The Federal Trade Commission (FTC) is authorized, pursuant to section 5 of the Federal Trade Commission Act (the “Act”), to address “unfair methods of competition.”

However, when drafting section 5, Congress declined to define what constitutes an “unfair method of competition” or delineate how conduct subject to enforcement under section 5 might be analyzed. Over time, judicial decisions have provided some guidance, but the uncertainty both for the FTC and the business community created by the vague language of the Act has persisted since its adoption.

In 2015, the FTC sought to provide some guidance with respect to section 5 by issuing its “Statement of Enforcement Principles Regarding ‘Unfair Methods of Competition’ Under Section 5 of the FTC Act” (the “2015 Statement”). The 2015 Statement was a bipartisan effort, with one Commissioner dissenting, to provide some clarity regarding both the conduct that constitutes unfair methods of competition and the agency’s analysis of such conduct under section 5 of the Act. In summary, the FTC announced in this one-page document that, in addressing conduct under section 5, the agency would (1) be guided by the underlying principles of antitrust policy—namely the consumer welfare standard, (2) analyze most conduct using a “rule of reason” analysis, and (3) be less likely to challenge conduct on a stand-alone basis as a violation of section 5 of the Act if the same conduct could be sufficiently addressed through application of the Sherman Act or Clayton Act.

However, on July 1, 2021, as one of the first actions taken under the new leadership of Commissioner Lina Kahn, the FTC withdrew the 2015 Statement. At that time, the FTC stated that “the 2015 Statement contravenes the text, structure, and history of Section 5 and largely writes the FTC’s standalone authority out of existence. In our view, the 2015 Statement abrogates the Commission’s congressionally mandated duty to use its expertise to identify and combat unfair methods of competition even if they do not violate a separate antitrust statute.”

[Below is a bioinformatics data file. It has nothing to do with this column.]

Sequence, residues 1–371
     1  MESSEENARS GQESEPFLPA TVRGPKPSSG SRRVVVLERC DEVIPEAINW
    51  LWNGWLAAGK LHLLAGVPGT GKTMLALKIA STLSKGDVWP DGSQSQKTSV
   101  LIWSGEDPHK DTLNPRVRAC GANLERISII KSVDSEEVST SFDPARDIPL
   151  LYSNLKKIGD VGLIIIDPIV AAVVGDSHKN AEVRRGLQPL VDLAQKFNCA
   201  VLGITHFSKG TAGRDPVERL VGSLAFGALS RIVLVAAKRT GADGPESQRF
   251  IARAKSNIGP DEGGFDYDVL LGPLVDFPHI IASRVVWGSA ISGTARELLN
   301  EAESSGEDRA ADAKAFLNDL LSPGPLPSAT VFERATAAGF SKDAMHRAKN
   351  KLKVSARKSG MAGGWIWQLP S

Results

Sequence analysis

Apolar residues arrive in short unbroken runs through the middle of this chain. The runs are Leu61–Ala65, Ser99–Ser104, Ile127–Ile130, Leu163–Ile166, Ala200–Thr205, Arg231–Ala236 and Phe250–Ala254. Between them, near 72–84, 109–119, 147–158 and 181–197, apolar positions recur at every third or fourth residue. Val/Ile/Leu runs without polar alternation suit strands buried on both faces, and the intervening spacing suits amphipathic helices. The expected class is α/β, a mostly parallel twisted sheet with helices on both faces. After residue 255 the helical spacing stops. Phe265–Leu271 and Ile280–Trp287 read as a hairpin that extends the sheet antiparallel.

In an effort to fill the void created by the withdrawal of the 2015 Statement, on November 10, 2022, the FTC issued a 16-page statement entitled “Policy Statement Regarding the Scope of Unfair Methods of Competition Under Section 5 of the Federal Trade Commission Act” (the “2022 Statement”). The 2022 Statement, adopted along party lines without the benefit of public input, is notable for many reasons, including the rejection of the consumer welfare standard and the refusal to adhere to the rule of reason in analyzing conduct under section 5. In addition, the FTC has stated that it will use section 5 to address, among other things, conduct that “has a tendency to ripen into a violation of the antitrust laws,” as well as conduct that “violates the spirit of the antitrust laws.” In issuing the 2022 Statement, the FTC indicated that it was trying “to assist the public, business community, and antitrust practitioners.” But only time will tell whether replacing a one-page policy statement with a 16-page document dense with footnotes and legalese provides guidance for any interested party. In her dissent, Commissioner Christine Wilson characterized the 2022 Statement as incorporating a form of “I know it when I see it” approach to enforcement under section 5 of the Act. This type of approach will increase the cost of doing business and necessitate more antitrust counseling.

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